Memo To: Henry Kissinger
From: Jude Wanniski
Re: Conducting Foreign Policy
I can’t tell you how disappointed I was to read your essay in the NYPost last week, in which you decide in retrospect that we should have used our opportunity in 1991 to have finished off Saddam Hussein once and for all. You blame George Bush for having allowed pleas of mercy for the defeated Iraqi army to have stayed his hand, as if this were all that was involved. Isn’t it true that in collecting a coalition of allies to kick Saddam out of Kuwait, and to pay the bills, we promised that the mission would end with his expulsion? Is it not also the case that we saw an advantage in not destroying the Iraqi army, in order that it might provide a check on the other troublesome political forces in the region, Iran among them? It was not long ago that I thought you gave some weight to the promises of the United States government in such international agreements. In fact, Brent Scowcroft recently discussed this matter on one of the talk shows, saying that in retrospect, it was a good thing that we lived up to our promises to our coalition allies -- as it changed the general view of the Muslim world that we were partners not to be trusted. With all this in mind, it surprises me that you now wring your hands over the dissolution of the coalition. The Post headline is precious: “END OF ANTI-SADDAM COALITION IS VERY EMBARRASSING -- AND ALSO VERY DANGEROUS.” You go on to argue that our allies in the region and in Europe are unhappy with us as a result of our failure to crush Saddam in President Clinton’s recent decision to bomb Iraq with a mere 44 cruise missiles. If we had used much greater firepower, you seem to be saying, the coalition would be alive and well.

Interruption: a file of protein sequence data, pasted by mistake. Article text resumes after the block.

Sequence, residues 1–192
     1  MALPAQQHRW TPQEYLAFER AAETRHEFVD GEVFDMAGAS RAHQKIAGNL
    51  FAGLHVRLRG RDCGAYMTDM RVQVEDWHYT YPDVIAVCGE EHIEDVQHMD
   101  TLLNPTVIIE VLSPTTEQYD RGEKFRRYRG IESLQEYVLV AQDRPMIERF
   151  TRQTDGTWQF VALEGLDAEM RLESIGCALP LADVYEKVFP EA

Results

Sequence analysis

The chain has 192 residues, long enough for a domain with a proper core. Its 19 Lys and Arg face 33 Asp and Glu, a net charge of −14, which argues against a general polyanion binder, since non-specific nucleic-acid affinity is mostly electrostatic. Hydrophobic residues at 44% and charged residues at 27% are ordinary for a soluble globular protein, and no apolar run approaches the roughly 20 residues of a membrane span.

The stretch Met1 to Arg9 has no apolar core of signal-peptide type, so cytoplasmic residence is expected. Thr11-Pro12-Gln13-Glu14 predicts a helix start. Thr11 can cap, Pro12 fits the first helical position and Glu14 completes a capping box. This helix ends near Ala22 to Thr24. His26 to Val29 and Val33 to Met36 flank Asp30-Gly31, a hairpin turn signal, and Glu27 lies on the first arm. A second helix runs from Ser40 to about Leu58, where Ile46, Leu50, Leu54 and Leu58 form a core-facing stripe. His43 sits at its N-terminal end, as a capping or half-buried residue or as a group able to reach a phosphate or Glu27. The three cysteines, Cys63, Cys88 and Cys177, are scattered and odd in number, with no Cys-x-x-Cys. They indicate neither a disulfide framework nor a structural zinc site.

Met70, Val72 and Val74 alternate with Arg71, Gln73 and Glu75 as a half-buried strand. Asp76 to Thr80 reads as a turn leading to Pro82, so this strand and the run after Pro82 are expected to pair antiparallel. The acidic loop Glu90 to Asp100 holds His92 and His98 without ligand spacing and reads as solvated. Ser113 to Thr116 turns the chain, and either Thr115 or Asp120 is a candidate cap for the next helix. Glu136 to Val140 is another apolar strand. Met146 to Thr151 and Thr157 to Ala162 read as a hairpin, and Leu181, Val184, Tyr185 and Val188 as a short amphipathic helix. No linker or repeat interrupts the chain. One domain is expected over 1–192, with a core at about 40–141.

This is all pretty interesting, Henry, as we must have been reading different newspapers. From the papers I have been reading, among them The New York Times, President Clinton took military action against Saddam on the excuse, dreamed up several days after the action taken, that Saddam’s intervention into northern Iraq was a feint in the direction of Kuwait to the south. If you are the same Henry Kissinger who was the geopolitical master of the Nixon years, you would never spin the gibberish in this silly tract. You know as well as I that our boy President is guilty of an act of international anarchy -- which is what a Russian diplomat publicly called it. Why anarchy? Henry, the President of the United States bombed a country with whom we are technically at peace. He did so on the spurious grounds -- the day after various foreign policy leaders in Congress and Bob Dole said military action was premature -- that Saddam had done nothing illegal. He did not consult a single member of Congress or a single member of the coalition. The end of the anti-Saddam coalition has been replaced by an anti-Clinton coalition, as the world girds itself for another four years of international anarchy.
Please tell me if there is something I missed. Do you have some citations I might have overlooked in one of the papers you see that are not available in North America? Or, is there a doctrine of von Clausewitz, or Metternich, or Machiavelli that takes care of these indelicacies? Are we allowed to bomb Haiti, or Cuba, or Libya, if Boy President gets it into his head to play war games when his golf game is off? How about Turkey, Syria, Iran, North Korea?
Do I make myself clear why your Post essay so disappointed me? If this is the best you can do at this stage of your life, I suggest it is time to write your memoirs again.